Kage Baker didn’t attend Dickens Fair consistently the last few years of her life. She was beginning to be at constant demand for her work, and sometimes found it easier to write when her noisy roommates (me and Harry), were off carousing in faux London. I brought stories back to her, for her amusement.
I didn’t bring this story back to her; she was already dead when it happened. And the incident shocked me so much I never told anyone except Kimberly. But right now, it has achieved sudden relevance, with the loathsome Donald Trump about to finally leave the White House … this was my own first taste of what the next 4 years would be like.
So! We set our scene in London, as that great city exists in transient glory in the Cow Palace …
Mr. Charles Dickens reads daily in the Parlour of the Green Man Inn, from his “new” classic, A Christmas Carol. It’s a madly popular show – people crowded all around the long Parlour table where The Great Man sits; taking every chair and sofa, leaning in windows, even sitting on the rug at his feet. My staff and I go happily bonkers: waiting at the Parlour door to take his hat and coat, setting up a nice little fancy tea where Dickens sits, with one of the ladies standing ready to pour him out a fresh cuppa when he appears. The Keeper of the Book – a facsimile edition of Dickens’ own performance copy – would hover anxiously by his place, dedicated to putting the volume into no hand but his.
On this day, a friend of mine was visiting Dickens, and asked me to save a space at the table for his lady – she had never heard it before. I was happy to do them the favour, and resumed my Dickens-watch holding the back of a chair for her.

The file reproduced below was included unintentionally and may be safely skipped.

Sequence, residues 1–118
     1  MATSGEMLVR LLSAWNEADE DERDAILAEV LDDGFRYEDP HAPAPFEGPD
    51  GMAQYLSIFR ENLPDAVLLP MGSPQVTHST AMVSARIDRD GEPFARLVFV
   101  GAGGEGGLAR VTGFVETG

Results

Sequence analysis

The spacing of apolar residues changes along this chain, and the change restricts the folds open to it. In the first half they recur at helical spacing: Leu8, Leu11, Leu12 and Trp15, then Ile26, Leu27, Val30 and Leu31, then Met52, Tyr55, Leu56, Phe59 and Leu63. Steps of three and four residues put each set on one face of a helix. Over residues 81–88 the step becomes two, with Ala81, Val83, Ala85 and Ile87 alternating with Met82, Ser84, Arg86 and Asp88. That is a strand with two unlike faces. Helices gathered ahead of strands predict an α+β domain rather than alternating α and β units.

And then an elderly lady suddenly walked up and sat down in the chair I was holding, PLOP. She didn’t even look at me; I apparently did not exist. I deduced this by the way she then tried to hitch the chair forward, and was surprised to find me holding on to it.
“Pardon me, Madame”, I said in my friendly innkeeper voice. “I am holding this seat for a friend of mine. May I seat you – ” and I gestured at an empty chair across the table ” – closer to the head of the table?”
See how sneaky I was? But, really, it was a better seat. However, she just gave me a long blank stare over one shoulder, and then turned away; I really did not exist.
So I repeated myself. I caught the attention of one of the Parlour maids, and asked her to hold the other seat for my apparently stone-deaf visitor. I leaned beside the chair as obsequiously as really good corsetry would allow, offered a cup of tea, pointed out the plates of biscuits at the other chair … nothing. However, a younger woman came up as I was repeating that the seat was saved; she was apparently the elderly lady’s daughter, and joined me in urging that her mother change chairs so I could seat my guest.
At this point, I need to mention that I am white. The old lady and her daughter were white. But my dear friend and his lady are black.
And so: the elderly lady looked up at her daughter (still treating me as a part of the chair) and said, in a shockingly normal tone of voice: “But, honey – Trump won in November. We don’t have to be nice to them any more.”
The daughter looked horrified, and stared around to see if anyone had heard. Only me, of course – and I had the back of the chair in stranglehold as a wave of rage poured over me. It felt like ice cold water rising up into my throat. I was thinking: Here, of all places? Is this my moment to to live up to my ideals? Because if I answer this old bat as she deserves, I am going to get fired. My face must have been rather weird: I suspect it was frightening, since the daughter grabbed her mother’s arm, yanked her out of the chair, and walked her rapidly out of the Parlour.